Receiving a report that the Fire Boat was at the Sea Wall (foot of Stockton St.) I immediately sent men to locate fresh water for the engines and on their finding an abandoned well at Stockton between Union and Filbert streets and also one at Lombard and Stockton streets, I located Engine No. 31 and Engine No. 5 at Union and Stockton streets, Engine No. 28 at Broadway and Stockton, [and] procuring enough hose from the Corporation Yard in addition to our own and the Oakland hose, we laid a line from the Fire Boat to Broadway and Mason streets, a distance of fourteen blocks, taking about 4,000 feet of hose. The Fire Boat and three engines [where] all pumping on this single line, [and] with this one stream we worked vainly to prevent the fire from crossing the north side of Broadway. We worked down to Montgomery Ave. [now Columbus Ave.], but our efforts were useless for the fire crossed Broadway while we were at Powell St., burning our hose and driving Engine No. 28 out of the intense heat.
We got some more hose and led a line up Vallejo to Powell moving Engine No. 28 back to Lombard and Taylor streets but the fire overtook us and we were driven back by the flames. We broke our lines taking out 500 feet and making another stand at Montgomery Ave. and Green St. We were again driven back to Union St. and the Plaza [Washington Square].
Our water slacked down so I drove to the Fire Boat in order to ascertain the trouble. We could not obtain any fresh water to feed the boilers so I started in search of some and meeting Commodore Wreden who informed me that he could supply us fresh water for a short time. I then drove around to Pacific St., and finding Engine No. 1 near her quarters I ordered her to the foot of Mason Street. By this time Engine No. 31, was again in working order and she was sent to Mason and Vandewater streets, where they stretched a line of hose and awaited fresh water. Engine No. 5 having moved from Stockton and to the Wharf I left it in charge of a Captain of one of the Oakland Companies at daybreak on Friday morning April 20th, and told him to use his own judgement as soon as he got water to reach the fire.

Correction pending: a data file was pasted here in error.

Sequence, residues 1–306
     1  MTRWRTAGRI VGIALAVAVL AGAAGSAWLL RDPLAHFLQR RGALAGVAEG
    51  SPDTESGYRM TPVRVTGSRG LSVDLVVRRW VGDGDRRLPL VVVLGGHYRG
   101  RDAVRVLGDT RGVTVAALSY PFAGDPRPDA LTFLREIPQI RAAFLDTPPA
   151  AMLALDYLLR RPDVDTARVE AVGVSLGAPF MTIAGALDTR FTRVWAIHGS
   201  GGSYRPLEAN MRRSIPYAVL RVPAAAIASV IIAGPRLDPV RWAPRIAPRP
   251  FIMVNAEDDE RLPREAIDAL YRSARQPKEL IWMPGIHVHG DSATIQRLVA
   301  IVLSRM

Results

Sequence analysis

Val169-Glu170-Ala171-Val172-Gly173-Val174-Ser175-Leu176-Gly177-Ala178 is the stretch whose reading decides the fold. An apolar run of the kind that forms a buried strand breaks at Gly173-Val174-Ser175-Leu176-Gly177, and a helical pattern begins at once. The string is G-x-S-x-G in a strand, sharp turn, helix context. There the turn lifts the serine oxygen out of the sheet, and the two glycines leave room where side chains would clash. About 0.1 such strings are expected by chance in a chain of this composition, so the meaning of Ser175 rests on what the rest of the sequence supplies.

I then proceeded down to Lombard and Taylor streets and by this time the brewery wagon supplied by Commodore Wreden was hauling fresh water to the Engines so we again started to try to check the fire from the south side of Greenwich St., and on the west side of Taylor Street, between Green and Filbert Streets. We now had a fair stream but the heat was so intense that it turned the water into steam before it reached the fire and the men had to cover themselves with wet sacks in order to stand the intense heat.
After working for two hours we were told that the fire had broken out on the north side of Lombard St. between Montgomery Ave. and Mason St., and if we could come down there and play our stream for a short time we could save the block; we did so but was of no use for the fire came raging down Stockton St. reaching from Filbert to Taylor streets. We then went back to Taylor and Greenwich streets where we worked until sometime in the afternoon. Here our hose was burnt and our water was shut off on Mason St., so we then endeavored to find hose to replace the burned lengths and by the time we got it the fire was raging down Mason St. sweeping everything before it and creating a wind of its own.
I then drove to Lombard and Taylor streets where I found Engine No. 28 with only the driver and Engineer and I told them to take the Engine and the Horses to any safe place they could find. Being almost exhausted and the fire raging on all sides of us we made a dash down Jones along Bay and as we passed we noticed the Simpson Furniture and Lumber Yard one sea of flames. This was late Friday afternoon, being in great need of food and rest we crossed the Bay to Fruitvale returning Saturday afternoon.
My crew consisted of Captain Pike, Engineer Potter, Fireman J. Dolan, L. Treling and William Roach.
The Oakland Department also assisted to try and stay the fire without hardly any water.